He Made Us Dream

“Liverpool is like an island, it is different to the rest of England.” The creator of last month’s Sea Odyssey wasn’t far wrong; in Liverpool we have a different mentality, a different way of doing things. It’s rare that an outsider enters the city and relates to the people on their level, indeed immerses himself in the culture and becomes one of the people. In 2004 an overweight Spaniard arrived on Merseyside to manage Liverpool football club and now, two years after having his contract ‘mutually terminated’, remains in the area, desperate for an opportunity to finish the job that he was unable to finish due to club politics. Unfortunately, these politics still look set to block the fans’ choice from returning as manager to finish the project that he was only just beginning to implement.

In his six year tenure as manager, Rafa Benitez made us dream. The ‘miracle’ of Istanbul needs no description, but the real miracle was the consistency with which his team played in the rounds preceding the final at the Ataturk. Liverpool’s squad was bad, in the last 40 years better only than the one that Roy Hodgson left in January 2011. Yet Benitez instilled a sense of belief and, perhaps more significantly, had the brains and tactical awareness to defeat teams far superior to his. The 2004-05 season remains as a surreal memory etched on the minds of Liverpool fans, it can only be described as a dream and it was Rafa Benitez that allowed our imaginations to run away with us, he allowed us to dream of being the greatest team in Europe, and he made those dreams come true.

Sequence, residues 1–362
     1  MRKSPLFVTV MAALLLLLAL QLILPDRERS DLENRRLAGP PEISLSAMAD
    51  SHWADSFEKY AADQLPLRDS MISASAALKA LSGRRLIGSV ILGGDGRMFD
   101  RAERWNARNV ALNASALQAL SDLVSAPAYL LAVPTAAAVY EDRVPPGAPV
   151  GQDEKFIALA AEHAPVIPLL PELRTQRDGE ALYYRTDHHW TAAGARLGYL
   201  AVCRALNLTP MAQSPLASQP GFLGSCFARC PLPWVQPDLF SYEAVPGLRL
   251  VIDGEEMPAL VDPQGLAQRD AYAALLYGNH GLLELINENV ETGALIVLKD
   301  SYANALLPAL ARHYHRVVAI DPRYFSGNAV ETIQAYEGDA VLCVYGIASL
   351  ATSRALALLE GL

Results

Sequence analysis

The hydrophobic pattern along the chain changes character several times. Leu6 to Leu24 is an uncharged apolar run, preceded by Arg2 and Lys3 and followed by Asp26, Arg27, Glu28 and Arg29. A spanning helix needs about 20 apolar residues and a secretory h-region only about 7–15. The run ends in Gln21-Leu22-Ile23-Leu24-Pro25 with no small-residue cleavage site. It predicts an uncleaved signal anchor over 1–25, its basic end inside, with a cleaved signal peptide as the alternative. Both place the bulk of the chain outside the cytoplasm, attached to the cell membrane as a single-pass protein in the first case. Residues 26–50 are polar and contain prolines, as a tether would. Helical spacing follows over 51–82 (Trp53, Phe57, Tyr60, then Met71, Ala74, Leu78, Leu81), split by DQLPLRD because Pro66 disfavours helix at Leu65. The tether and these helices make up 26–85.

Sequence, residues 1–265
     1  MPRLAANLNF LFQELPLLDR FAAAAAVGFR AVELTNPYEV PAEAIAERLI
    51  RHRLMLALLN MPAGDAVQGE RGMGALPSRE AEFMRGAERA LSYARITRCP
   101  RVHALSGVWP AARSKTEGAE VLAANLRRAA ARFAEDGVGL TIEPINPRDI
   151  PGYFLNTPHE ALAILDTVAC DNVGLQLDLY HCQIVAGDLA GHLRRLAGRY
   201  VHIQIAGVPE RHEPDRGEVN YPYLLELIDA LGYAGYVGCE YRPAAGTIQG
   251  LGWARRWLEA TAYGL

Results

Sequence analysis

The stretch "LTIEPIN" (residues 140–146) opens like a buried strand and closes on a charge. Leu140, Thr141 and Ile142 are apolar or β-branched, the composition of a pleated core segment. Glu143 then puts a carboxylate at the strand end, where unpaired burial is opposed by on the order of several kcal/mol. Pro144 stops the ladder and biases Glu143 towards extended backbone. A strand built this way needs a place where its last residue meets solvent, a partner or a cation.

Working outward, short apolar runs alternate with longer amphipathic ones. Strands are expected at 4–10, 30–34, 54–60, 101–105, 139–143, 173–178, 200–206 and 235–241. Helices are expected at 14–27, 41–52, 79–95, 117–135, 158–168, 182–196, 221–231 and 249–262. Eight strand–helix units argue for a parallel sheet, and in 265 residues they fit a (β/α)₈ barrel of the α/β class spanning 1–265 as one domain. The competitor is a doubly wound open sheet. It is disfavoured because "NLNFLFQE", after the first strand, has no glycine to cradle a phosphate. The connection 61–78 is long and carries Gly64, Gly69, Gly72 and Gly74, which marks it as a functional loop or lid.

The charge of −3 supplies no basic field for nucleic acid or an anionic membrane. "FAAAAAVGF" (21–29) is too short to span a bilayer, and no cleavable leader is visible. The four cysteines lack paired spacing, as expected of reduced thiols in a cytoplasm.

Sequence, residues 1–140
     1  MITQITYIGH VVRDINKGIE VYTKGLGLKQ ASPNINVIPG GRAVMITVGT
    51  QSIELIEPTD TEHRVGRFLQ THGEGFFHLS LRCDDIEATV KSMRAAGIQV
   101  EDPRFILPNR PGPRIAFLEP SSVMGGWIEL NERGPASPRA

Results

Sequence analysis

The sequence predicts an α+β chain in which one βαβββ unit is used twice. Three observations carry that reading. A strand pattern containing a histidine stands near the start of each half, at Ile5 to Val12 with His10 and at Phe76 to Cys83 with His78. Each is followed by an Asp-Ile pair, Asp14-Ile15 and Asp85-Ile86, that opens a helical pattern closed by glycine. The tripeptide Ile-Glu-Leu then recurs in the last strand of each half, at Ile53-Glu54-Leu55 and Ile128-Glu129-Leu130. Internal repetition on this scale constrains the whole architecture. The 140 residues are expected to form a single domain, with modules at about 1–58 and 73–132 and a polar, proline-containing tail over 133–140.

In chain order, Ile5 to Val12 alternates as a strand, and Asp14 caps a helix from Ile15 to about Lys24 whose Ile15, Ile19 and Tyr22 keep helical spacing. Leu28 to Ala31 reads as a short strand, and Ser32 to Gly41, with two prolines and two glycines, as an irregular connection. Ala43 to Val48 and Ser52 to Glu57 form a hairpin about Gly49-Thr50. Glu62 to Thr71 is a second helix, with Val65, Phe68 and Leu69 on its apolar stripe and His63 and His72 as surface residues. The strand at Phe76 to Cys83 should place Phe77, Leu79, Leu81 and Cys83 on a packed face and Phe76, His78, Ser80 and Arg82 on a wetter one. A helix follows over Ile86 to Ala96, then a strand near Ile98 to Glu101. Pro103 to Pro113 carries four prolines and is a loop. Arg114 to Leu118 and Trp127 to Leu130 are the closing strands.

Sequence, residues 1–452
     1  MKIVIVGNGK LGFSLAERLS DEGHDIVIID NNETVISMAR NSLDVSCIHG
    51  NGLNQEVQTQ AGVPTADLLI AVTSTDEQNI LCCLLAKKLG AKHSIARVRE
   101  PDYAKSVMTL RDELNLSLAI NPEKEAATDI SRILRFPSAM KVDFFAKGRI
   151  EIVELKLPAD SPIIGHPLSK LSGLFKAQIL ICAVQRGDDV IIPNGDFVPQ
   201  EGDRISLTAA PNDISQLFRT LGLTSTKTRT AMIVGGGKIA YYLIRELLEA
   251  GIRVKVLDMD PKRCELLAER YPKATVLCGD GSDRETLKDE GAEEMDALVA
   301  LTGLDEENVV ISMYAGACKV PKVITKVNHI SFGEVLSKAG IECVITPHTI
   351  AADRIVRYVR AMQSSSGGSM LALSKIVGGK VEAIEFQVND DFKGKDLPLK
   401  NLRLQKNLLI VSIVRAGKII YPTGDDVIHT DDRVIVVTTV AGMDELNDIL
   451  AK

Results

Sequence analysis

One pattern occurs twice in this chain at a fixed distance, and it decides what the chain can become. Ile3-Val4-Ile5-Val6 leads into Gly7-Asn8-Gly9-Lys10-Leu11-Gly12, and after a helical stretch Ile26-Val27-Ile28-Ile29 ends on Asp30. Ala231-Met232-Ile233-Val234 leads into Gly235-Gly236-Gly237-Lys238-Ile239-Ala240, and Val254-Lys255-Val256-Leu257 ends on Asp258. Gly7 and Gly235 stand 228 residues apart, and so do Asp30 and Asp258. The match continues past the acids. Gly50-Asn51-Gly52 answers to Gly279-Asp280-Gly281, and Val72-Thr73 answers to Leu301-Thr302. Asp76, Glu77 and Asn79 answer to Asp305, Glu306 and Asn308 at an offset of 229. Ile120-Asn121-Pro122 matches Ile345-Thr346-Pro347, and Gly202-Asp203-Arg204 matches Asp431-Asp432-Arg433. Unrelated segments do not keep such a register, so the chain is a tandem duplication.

Whilst the European Cup will forever be the pinnacle for Liverpool Football Club, it also desperately craves that elusive 19th league title. For the moment at least, that is the real dream. Benitez came closer to realizing that dream than any manager since the outgoing Kenny Dalglish last won the trophy in 1990. If it wasn’t for arguably the best of all Ferguson’s Manchester United teams coinciding with Liverpool’s 2008-09 season then Benitez could have had the Liverpool job for life. He was three points from immortality. He was a weaker year from joining the ranks of Shankly, Paisley, Fagan and Dalglish. Liverpool’s points total would have won the league in almost any other year.

In May 2009 it was impossible to imagine any other man managing our football club. But at that time the depths of ineptitude, crookery and deceit of our American owners was hidden under the surface, when it’s depth emerged it would be Rafa Benitez that would fall as the biggest victim. Internal bickering led to out and out war. As Hicks and Gillett conspired to destroy Liverpool Football Club, the working conditions for the manager became impossible and results inevitably suffered. Rather than capitalizing on the club’s position after finishing a close second, the owners attempted to bleed the club of all that it was worth and it spiraled downwards towards mediocrity and almost non-existence.

Sadly, many fans failed to recognize the club’s situation. Blinded by below-parr performances and results on the pitch they campaigned for the genius of Rafa Benitez to be replaced. Eventually he was, by the delusional, incapable and infuriating Roy Hodgson. What followed requires no explanation, and now Liverpool Football Club is at a cross-roads; the next managerial appointment will shape the club for a considerable number of years. It is no time for giving promising young managers a chance, it is no time for rewarding a manager for saving Wigan from relegation, it is time for a proven manager with experience to continue the stabilization process and guide Liverpool through the vital years ahead. Liverpool is the pinnacle, not a learning curve for Martinez or Rodgers.